[Openmcl-devel] [CLSQL] Slime, CLSQL, and reader macros

Gary Byers gb at clozure.com
Mon Apr 5 10:41:42 PDT 2010

On Fri, 2 Apr 2010, Patrick May wrote:

> On Apr 2, 2010, at 1:20 PM, Patrick May wrote:
>> On Apr 1, 2010, at 2:10 PM, Helmut Eller wrote:
>>> * Patrick May [2010-04-01 19:59+0200] writes:
>>>> 	Interesting.  I tried this with SBCL and it worked.  Why would
>>>> 	ccl64 behave differently?  (Code below.)
>>> Probably because *readtable* is a only modified in the per-thread
>>> binding in CCL and if you only change it in the repl thread other
>>> threads don't see that.
> 	Now that Helmut has identified the issue I'm having with using CLSQL in Slime with CCL, can anyone tell me if it is possible to configure CCL so that the readtable is shared across threads?

I have a feeling that this answer will be longer than you want  ...

? (dotimes (i 3)
   (let* ((thread-number i))
         (format nil "example~d" i)
         (lambda () (format t "~&this is thread ~d, and the value of *READTABLE* is ~s" thread-number *readtable*)))))
this is thread 0, and the value of *READTABLE* is #<READTABLE #x302000315ADD>
this is thread 1, and the value of *READTABLE* is #<READTABLE #x302000315ADD>
this is thread 2, and the value of *READTABLE* is #<READTABLE #x302000315ADD>

We didn't do anything ... er, special ... there, and all threads "see" the
same value of *READTABLE*.  What Helmut noted is that the binding of *READTABLE*
is thread-specific in CCL; thread-specific bindings may or may not involve the
same values.

Suppose we had a slightly different example (that I'm too lazy to
write ...) where one thread repeatedly called READ (and therefore
referenced *READTABLE*) and another thread (just for the sake of
argument) repeatedly slept for random intervals and did something like

(setq *readtable* *special-readtable-for-parsing-C-code*)

whenever it woke up.  If the two threads shared the same -binding- of
*READTABLE*, then the SETQ in the second thread would affect the value
of that variable visible in the first thread, and the consequences of
that would probably be unpleasant.

A binding of a special variable can be "dynamic" or "static"; a
dynamic binding is one established by
LET/LET*/LAMBDA/PROGV/whatever-else-i'm-forgetting.  A reference to or
assignment to a special variable that's made outside the extent of any
dynamic binding of that variable could be said to be "static"; a toplevel
assignment via DEFVAR or DEFPARAMETER usually affects the static binding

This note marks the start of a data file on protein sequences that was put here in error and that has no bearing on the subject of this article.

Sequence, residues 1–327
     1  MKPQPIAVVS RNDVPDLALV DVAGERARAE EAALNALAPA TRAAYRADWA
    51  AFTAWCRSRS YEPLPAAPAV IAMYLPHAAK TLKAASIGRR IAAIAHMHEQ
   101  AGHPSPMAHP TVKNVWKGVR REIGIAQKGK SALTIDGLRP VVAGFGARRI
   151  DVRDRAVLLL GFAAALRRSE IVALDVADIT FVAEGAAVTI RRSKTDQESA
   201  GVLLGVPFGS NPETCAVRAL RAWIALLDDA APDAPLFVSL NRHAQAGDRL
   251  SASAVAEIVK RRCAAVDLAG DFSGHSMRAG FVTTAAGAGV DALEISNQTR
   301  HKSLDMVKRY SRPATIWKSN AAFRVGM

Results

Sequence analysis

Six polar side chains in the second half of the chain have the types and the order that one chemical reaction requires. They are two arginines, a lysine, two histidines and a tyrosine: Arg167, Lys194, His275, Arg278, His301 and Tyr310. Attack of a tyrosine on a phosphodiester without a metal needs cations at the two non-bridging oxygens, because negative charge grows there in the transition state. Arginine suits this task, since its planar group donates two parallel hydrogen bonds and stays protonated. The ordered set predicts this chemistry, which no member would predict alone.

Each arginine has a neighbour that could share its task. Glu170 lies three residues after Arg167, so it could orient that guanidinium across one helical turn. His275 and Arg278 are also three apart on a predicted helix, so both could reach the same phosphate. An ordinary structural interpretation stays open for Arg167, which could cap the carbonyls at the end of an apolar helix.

of that variable.  Static bindings are potentially visible to all threads;
dynamic bindings are inherently thread-private.

Helmut's observation refers to the fact that CCL threads ordinarily
start up with dynamic bindings of a few dozen special variables
(including *readtable*) in effect; Jon Anthony noted that this set
can be extended via the :INITIAL-BINDINGS argument to PROCESS-RUN-FUNCTION.
The good news is that these mechanism help to guard against inadvertent
cross-thread side-effects and provide some control over the initial values
of thread-specific bindings; the bad news is that the :INITIAL-BINDINGS
mechanism is only applicable to threads that you create.

SLIME apparently executes some code directly in its REPL thread and other
code in newly-created, typically-short-lived threads.  The dynamic environment
in which code is executed in these threads may differ significantly from
the environment in effect in the REPL thread.  There may be ways of making
it more similar (by specifying additional bindings and values to be put
into effect when these short-lived threads start up), and there might be
ways of persuading SLIME not the "communication style" in which some
forms are executed in separate threads.

If these mechanisms don't exist or aren't satisfactory, there are CCL-specific
ways of controlling the values to which special variables are bound in newly-
created threads.  That seems like kind of a heavy hammer to use in order to
gain control over how things are bound in threads you didn't explicitly ask
to, but you could do something like:

(ccl:def-standard-initial-binding *readtable* *readtable-with-clsql-support*)

That's a macro, and it's intended to be used "declaratively" (sort of
like DEFVAR/DEFPARAMETER).  It's not (AFAIK) documented, but it is
exported and its syntax and at least most aspects of its semantics are
unlikely to change.  (Those semantics - such as they are - are that
subsequently-created threads will execute with *READTABLE* bound dynamicallly 
to what I'm calling *READTABLE-WITH-CLSQL-SUPPORT*.  Whether or not it
magically causes existing threads (including the calling thread) to establish
a dynamic binding in some magic/funky way is unspecified; it doesn't currently
do so, but there are reasons to think that it should.)

> Thanks,
> Patrick

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